“Let’s join the ladies,” said Thaddeus, abruptly. “There’s no use of our wasting our sweetness upon each other.”
If the head of the house had expected to be relieved from his unfortunate embarrassments by joining the ladies, he was doomed to bitter disappointment, for the conversation abandoned at the table was resumed in the drawing-room. The dinner had been too much of a success to be forgotten readily.
Thaddeus’s troubles were set going again when he overheard Phillips saying to Bessie, “Thaddeus has been telling us the remarkable story of Grimmins.”
Nor were his woes lightened any when he caught Bessie’s reply: “Indeed? What story is that?”
“Why, the story of the butler—Grimmins, you know. How you came to get him, and all that,” said Phillips. “Really, you are to be congratulated.”
“I am glad to know you feel that way,” said Bessie, simply, with a glance at Thaddeus which was full of wonderment.
“He is a treasure,” said Bradley; “but your cook is a whole chestful of treasures. And how fortunate you and Thaddeus are! The idea of there being anywhere in the world a person of such ability in her vocation, and so poor a notion of her worth!”
Thaddeus breathed again, now that the cook was under discussion. He knew all about her.
“Yes, indeed,” said Bessie. “He did well.”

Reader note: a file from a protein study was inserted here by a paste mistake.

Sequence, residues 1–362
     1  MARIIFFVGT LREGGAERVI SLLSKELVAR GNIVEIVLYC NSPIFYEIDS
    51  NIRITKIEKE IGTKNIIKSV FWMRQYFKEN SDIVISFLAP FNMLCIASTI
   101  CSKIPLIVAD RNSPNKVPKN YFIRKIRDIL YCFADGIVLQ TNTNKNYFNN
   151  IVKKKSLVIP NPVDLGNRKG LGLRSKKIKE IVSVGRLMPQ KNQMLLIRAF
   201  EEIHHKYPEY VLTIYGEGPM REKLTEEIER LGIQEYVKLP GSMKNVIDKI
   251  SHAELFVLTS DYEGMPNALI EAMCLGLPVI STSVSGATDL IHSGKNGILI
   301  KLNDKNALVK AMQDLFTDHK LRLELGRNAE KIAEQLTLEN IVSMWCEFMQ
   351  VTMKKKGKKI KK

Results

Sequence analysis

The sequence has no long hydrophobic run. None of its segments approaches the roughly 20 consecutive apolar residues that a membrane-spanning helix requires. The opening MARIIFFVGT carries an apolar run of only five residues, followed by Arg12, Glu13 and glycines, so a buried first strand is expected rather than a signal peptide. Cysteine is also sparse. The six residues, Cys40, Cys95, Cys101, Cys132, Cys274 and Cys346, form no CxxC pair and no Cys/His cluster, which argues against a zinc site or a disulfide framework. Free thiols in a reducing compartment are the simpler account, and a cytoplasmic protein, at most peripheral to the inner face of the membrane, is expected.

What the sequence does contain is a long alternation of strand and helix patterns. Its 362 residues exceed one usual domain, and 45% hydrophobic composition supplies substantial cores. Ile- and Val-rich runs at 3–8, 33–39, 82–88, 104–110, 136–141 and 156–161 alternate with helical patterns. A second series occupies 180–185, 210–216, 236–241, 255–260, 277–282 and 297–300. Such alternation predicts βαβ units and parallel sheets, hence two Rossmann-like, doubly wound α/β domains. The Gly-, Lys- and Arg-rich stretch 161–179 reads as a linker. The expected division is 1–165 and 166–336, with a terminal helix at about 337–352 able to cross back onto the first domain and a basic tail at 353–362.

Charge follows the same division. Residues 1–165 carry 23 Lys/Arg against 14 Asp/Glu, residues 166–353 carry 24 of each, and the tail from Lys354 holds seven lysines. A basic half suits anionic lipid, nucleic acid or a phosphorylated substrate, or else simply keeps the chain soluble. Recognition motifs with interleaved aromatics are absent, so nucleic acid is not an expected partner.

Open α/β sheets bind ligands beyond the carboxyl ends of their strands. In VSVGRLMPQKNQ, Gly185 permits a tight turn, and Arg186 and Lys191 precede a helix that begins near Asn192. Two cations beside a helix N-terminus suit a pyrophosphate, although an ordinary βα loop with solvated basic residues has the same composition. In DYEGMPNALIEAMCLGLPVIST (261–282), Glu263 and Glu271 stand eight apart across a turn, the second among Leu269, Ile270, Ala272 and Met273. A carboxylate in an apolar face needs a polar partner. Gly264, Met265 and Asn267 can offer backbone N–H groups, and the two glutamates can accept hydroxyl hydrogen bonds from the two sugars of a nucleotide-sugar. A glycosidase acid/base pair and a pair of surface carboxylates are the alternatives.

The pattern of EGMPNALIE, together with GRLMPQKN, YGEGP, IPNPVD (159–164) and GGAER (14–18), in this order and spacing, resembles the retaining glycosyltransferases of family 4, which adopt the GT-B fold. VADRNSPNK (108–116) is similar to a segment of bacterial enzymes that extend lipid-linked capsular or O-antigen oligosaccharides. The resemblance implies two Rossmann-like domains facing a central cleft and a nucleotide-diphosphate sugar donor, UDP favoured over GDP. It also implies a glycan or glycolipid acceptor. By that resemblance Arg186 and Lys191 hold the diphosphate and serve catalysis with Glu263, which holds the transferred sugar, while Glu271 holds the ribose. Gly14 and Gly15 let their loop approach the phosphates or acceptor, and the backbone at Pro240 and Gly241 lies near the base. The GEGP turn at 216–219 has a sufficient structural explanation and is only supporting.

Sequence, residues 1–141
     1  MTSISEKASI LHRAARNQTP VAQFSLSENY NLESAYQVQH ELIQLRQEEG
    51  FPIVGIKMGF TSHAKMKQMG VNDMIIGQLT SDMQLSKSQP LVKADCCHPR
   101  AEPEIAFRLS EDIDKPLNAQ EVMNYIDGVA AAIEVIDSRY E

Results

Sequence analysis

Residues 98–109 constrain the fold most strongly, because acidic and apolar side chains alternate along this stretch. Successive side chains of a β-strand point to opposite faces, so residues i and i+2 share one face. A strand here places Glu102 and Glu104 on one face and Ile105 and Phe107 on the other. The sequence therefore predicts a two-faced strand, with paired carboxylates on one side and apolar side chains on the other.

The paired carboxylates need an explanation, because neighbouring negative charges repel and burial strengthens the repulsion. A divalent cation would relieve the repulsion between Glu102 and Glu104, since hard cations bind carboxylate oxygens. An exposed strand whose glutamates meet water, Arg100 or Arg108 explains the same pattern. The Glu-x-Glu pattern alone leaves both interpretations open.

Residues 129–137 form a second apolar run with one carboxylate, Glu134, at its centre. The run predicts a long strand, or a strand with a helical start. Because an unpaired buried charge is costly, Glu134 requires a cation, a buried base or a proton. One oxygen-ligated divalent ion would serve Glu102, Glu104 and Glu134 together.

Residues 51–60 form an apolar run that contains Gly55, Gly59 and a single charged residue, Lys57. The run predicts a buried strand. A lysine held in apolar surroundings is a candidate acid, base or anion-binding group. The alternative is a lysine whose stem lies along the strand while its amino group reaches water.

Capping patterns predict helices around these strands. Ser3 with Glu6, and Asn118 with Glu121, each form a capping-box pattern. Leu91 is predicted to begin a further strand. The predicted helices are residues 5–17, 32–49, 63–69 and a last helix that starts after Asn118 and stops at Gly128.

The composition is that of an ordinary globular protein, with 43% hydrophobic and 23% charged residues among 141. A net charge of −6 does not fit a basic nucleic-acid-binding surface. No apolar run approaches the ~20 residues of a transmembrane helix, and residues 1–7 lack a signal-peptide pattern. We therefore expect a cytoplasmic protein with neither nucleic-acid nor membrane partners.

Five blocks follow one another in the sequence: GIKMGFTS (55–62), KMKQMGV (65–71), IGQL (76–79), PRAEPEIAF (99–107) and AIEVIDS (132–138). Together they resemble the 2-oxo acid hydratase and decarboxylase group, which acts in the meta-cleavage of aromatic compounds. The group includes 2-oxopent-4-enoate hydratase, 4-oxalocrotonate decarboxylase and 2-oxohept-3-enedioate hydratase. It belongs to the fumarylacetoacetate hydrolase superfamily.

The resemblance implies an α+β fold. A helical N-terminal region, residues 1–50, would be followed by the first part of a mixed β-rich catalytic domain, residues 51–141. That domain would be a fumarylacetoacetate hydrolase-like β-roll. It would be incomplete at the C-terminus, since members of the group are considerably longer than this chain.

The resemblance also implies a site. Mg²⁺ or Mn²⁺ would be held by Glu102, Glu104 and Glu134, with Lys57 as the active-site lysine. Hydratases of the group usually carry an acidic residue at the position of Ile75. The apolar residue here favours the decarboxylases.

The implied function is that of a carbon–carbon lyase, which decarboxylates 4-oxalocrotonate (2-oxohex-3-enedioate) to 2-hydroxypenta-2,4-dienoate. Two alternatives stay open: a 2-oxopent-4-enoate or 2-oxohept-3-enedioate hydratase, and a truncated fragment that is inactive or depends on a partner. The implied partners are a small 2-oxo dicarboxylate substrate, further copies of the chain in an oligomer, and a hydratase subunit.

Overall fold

“I mean the cook,” returned Bradley. “You mean she did well, don’t you?”
What Bessie would have answered, or what Thaddeus would have done next if the conversation had been continued, can be a matter of unprofitable speculation only, for at this point a wail from above-stairs showed that Master Perkins had awakened, and the ladies, considerate of Bessie’s maternal feelings, promptly rose to take their leave, and in ten minutes she and Thaddeus were alone.
“What on earth is the story of Grimmins, Thaddeus?” she asked, as the door closed upon the departing guests.
Thaddeus threw himself wearily down upon the sofa and explained. He told her all he had said about the butler and the cook.
“That’s the story of Grimmins,” he said, when he had finished.
“Oh, dear me, dear me!” cried Bessie, “you told the men that, and I—I, Thaddeus, told the women the truth. Why, it’s—it’s awful. You’ll never hear the end of it.”
“Well, now that they know the truth, Bess,” Thaddeus said, “suppose you let me into the secret. What on earth is the meaning of all this—two butlers, silver platters, dinner fit for the gods, and all?”
“It’s all because of the tipsy-cake,” said Bessie.
“The what?” asked Thaddeus, sitting up and gazing at his wife as if he questioned her sanity.
“The tipsy-cake,” she repeated. “I gave Ellen the bottle of brandy you gave me for the tipsy-cake, and—and she drank half of it.”
“And the other half?”